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Mating success and energetic condition effects driven by terminal investment in a short-lived insect

Tuesday, 25 June 2013
South Hall (Herradura San Jose)
Daniel M González-Tokman , Ecología Evolutiva, Instituto de Ecología, Universidad Nacional Autónoma de México, Mexico
Alejandro Córdoba-Aguilar , Ecología Evolutiva, Instituto de Ecología, Universidad Nacional Autónoma de México, Mexico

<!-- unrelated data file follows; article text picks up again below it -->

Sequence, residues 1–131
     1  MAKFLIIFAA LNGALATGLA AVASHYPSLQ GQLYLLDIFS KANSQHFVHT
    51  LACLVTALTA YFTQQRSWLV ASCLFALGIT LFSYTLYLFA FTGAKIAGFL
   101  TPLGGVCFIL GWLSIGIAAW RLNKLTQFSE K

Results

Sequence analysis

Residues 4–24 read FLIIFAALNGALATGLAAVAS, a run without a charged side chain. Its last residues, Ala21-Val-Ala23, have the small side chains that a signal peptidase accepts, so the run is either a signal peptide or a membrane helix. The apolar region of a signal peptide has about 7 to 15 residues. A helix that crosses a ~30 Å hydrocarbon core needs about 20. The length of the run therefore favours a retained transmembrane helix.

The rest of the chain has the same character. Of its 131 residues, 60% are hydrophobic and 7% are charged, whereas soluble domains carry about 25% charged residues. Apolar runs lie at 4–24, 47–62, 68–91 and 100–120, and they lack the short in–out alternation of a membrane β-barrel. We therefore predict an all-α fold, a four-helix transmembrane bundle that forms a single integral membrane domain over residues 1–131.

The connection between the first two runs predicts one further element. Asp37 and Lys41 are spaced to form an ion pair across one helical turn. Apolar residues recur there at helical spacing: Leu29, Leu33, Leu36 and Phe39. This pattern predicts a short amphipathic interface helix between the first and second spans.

When animals perceive that the probability of mortality is high and there are low chances of reproducing in the future, they should expend a high amount of resources in current reproduction. This idea, known as the terminal investment hypothesis, has two predictions: in the face of an infection (i) mature males will increase investment to traits that enhance mating success, and such investment will be lower in young males; (ii) physiological costs of resource reallocation will be more severe for infected mature males than for infected young males. Although these predictions have been tested in long-lived vertebrates, prior studies have not examined actual resource allocation conflicts. Here, we have tested the above predictions and have investigated the energetic costs of increased mating by old males, using a short-lived invertebrate, the damselfly Hetaerina americana. Males of this species defend territories as the main way to obtain access to females. Using groups of infected vs. noninfected males of two different ages, we found that compared to young infected males, mature infected males defended territories for longer, had higher mating success and directed agonistic behaviour to conspecific males more frequently. Despite similar immune responses by mature and young males, infected mature males ended up with less fat reserves compared to infected young males. This suggests that resource allocation conflicts are more severe for mature than for young males. In general, these results suggest that the terminal investment hypothesis applies in males of short-lived invertebrates and that a cause of increased mating success for males of advanced ages is reduced energetic stores. Aging is an understudied but ecologically relevant process that deserves to be studied in tropical species. Insect pests, infectious disease vectors and pollinators are subject to aging and could be good research models.